Theresa started her day by going for an early morning walk in Venice. For some uncharacteristic reason I couldn’t answer the early morning bell.
She found the streets relatively quiet, and the air not too hot yet. The light was nice too. She watched the shop keepers getting set up for the day, and a handful of other tourists out for a morning walk too. Then for no good reason her Fuji camera stopped working. Above are the last images she captured with the camera before it died.
San Marco square was already starting to fill up with people. The sun was rising behind the basilica which made it very difficult to capture. The square was filled with pigeons because of these guys trying to get tourists to buy bird seed from them. The pigeons drove Theresa crazy. She likened them to flying rats.
After spending more than half an hour lost on her way to per San Marco, Theresa caught a boat back to the train station which was close to our hotel. The views were nice from the boat.
Our first joint venture that day was the island of Burano, famed for its vivid colors. This was our first introduction to Venice Mass transit - a far cry from the air-conditioned, spacious confines of our tour coach. The images below give some insight, but still seem sanitized when compared to memory. Theresa perched herself at the very front of the boat with a window view, and a sliver of fresh air, but not enough room to stand completely erect.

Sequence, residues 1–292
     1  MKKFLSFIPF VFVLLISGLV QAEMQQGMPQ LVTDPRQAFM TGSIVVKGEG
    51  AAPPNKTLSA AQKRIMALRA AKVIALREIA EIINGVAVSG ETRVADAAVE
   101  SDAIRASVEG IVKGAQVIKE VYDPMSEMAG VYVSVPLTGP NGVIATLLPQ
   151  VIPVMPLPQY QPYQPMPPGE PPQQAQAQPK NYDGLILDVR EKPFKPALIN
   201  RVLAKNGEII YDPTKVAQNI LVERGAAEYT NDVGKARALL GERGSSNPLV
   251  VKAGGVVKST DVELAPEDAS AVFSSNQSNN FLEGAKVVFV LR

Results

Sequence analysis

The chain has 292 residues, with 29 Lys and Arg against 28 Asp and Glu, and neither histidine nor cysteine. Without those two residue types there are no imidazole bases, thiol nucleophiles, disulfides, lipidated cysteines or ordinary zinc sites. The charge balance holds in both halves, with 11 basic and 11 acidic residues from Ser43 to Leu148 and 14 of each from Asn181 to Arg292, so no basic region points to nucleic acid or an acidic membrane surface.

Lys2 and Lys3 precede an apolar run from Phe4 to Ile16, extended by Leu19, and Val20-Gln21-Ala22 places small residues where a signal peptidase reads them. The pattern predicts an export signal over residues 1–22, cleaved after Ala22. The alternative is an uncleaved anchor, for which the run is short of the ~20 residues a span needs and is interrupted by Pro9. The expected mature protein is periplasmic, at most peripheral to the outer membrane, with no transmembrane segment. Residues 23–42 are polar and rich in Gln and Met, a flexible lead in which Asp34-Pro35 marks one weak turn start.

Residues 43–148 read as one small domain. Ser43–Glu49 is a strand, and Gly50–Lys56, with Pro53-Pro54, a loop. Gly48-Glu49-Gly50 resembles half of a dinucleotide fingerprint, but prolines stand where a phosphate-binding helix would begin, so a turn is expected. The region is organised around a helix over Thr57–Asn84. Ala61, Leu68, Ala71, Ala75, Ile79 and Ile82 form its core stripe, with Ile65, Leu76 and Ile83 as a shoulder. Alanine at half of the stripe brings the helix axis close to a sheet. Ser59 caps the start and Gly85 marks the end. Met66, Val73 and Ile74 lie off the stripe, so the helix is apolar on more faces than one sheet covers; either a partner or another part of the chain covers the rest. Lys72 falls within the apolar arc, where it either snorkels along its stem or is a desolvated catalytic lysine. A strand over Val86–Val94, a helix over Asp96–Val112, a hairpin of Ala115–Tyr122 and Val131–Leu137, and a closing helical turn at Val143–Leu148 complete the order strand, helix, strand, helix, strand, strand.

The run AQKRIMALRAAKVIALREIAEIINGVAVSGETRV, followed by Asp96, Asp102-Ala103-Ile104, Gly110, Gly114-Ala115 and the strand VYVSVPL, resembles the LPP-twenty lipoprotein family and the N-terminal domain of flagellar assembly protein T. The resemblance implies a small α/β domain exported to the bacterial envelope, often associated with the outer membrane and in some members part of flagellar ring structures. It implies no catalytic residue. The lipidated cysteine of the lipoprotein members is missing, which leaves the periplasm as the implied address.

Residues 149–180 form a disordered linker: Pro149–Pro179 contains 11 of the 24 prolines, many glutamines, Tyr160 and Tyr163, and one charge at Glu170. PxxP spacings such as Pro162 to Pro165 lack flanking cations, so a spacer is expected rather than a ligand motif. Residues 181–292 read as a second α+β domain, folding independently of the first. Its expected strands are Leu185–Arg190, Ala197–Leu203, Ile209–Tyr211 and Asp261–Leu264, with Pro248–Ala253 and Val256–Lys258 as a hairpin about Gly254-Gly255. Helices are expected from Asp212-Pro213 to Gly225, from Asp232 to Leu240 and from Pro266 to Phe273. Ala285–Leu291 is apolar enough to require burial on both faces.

The public boat stopped first at yesterday’s destination, where we needed to disembark and walk to a second location to catch the Burano “bus.” The heat and humidity were kind enough to tag along. We found the shadiest pathway, and a couple of helpful locals showed us the turn.
Almost from the moment we arrived, the colors of Burano impressed and intrigued us, as they danced in and out of full sunlight. Finally, a functional purpose for this relentless radiance. By noon however, the cramped conditions of the water bus and the heat sent us diving under the nearest awning for lunch and refreshment.
Reduced to iphonography, we went on an unspoken quest for competitive contrasts. Along the way, we each attempted to be chameleons, as noted in the shots below. I think I won, with the aid of all the sweating.
As great as the color contrasts were, the reflection opportunities were pretty sumptuous as well. Which do you prefer?
Color contrasts prove more lively and more vibrant in direct sunlight.
The bell tower of the local church seemed to be askew, and we both wondered how long it had been in such a state.
By 3 pm, we decided we’ve had enough color, and more than our share of heat and humidity. A less cramped bus ride back to the Venetian mainland dropped us in an unfamiliar location. Thanks to a fortuitous stop for regrouping and a long look at a map, I managed to chart a course for home - one which passed by the Irish Pub of course. Those orienteering skills deserved a Guinness.